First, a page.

In its first CLE presentation of the academic year, the Professional Responsibility and Ethics Program (PREP) engaged members of the South Miami/Kendall Bar Association in a discussion about the social-networking site Facebook.
Miami Law students Gayland Hethcoat, Daniel Casamayor, and Sarah Laputz presented various hypothetical ethical dilemmas that lawyers may encounter when using Facebook, which has become one of the most popular ways to stay in touch with personal and professional contacts.
Topics included firm advertising, "friendships" between lawyers and judges, and judicial campaign pages on Facebook. The presentation stirred a lively debate among the attorneys, both as to the appropriate use of Facebook for legal advertising and the question of whether judges should be permitted to interact with attorneys on Facebook.
"Our attorneys were impressed with the student's level of knowledge on issues that were highly pertinent and timely to the Association's members as Florida's advertising and social media rules are in a state of flux," said South Miami- Kendall Bar Association President, Sharon Azoulay.
"These are issues that lawyers and judges face every day. It's important to know how to handle these potential problems," said Laputz. "This was a great experience. Not only did I enjoy discussing the topics we had researched, but it was an excellent opportunity to meet and learn from lawyers in our community."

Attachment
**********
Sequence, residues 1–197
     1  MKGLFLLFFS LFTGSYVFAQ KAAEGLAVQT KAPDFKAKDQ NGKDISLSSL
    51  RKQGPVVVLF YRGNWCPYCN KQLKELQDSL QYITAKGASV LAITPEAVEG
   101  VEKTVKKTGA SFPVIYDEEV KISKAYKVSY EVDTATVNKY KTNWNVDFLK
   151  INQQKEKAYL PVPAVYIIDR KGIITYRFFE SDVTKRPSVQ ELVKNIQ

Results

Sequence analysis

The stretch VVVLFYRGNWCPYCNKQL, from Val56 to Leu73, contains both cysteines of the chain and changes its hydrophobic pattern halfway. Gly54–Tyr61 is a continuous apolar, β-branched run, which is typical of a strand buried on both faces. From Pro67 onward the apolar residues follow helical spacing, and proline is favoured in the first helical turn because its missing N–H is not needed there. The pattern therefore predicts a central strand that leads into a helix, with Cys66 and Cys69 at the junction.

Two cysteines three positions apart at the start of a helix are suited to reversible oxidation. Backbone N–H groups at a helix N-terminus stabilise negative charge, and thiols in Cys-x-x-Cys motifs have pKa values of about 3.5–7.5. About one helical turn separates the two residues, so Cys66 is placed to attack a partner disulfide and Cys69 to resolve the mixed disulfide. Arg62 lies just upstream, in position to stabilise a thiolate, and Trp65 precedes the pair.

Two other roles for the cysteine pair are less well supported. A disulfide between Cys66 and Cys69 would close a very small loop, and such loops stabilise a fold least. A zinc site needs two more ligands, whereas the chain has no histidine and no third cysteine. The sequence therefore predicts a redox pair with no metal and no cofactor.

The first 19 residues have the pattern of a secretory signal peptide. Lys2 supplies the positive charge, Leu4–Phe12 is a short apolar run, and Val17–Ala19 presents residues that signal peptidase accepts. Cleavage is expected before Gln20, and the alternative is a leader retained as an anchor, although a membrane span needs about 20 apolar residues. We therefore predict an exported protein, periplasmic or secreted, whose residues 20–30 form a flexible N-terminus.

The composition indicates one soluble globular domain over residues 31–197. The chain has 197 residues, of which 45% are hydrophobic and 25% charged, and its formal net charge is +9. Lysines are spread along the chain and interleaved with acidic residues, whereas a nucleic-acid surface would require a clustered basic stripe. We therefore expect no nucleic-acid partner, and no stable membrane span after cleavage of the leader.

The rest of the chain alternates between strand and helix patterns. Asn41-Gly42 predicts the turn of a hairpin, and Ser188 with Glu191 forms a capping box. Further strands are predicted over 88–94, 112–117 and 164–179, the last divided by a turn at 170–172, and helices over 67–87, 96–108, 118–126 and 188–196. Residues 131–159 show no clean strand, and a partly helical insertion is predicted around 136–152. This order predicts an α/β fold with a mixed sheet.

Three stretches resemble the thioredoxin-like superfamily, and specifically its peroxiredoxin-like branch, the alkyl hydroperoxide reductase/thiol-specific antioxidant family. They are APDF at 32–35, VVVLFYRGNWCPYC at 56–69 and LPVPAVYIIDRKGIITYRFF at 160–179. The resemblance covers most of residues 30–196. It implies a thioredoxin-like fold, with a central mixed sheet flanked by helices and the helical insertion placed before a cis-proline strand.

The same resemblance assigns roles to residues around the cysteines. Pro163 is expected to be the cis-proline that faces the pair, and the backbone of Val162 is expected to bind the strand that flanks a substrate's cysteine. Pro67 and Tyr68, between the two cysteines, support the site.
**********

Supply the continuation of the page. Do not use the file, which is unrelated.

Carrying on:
Casamayor said that "presenting our hypothetical to legal practitioners allowed us to take a 'hands on' approach, and apply the lessons we have learned in the classroom. We were also able to gain a different perspective from those in attendance about their own views on social networking and internet communications."
The Professional Responsibility and Ethics Program was established in 1996 as part of the Center for Ethics and Public Service to provide the local legal community with analysis on cutting-edge ethical issues that attorneys face daily. The program has dedicated countless student hours to public service and has educated thousands of members of the Florida bench and bar. As the students teach, they learn and strive to make a difference, prompting organizations to pause and reconsider their approaches to some of the toughest ethical dilemmas.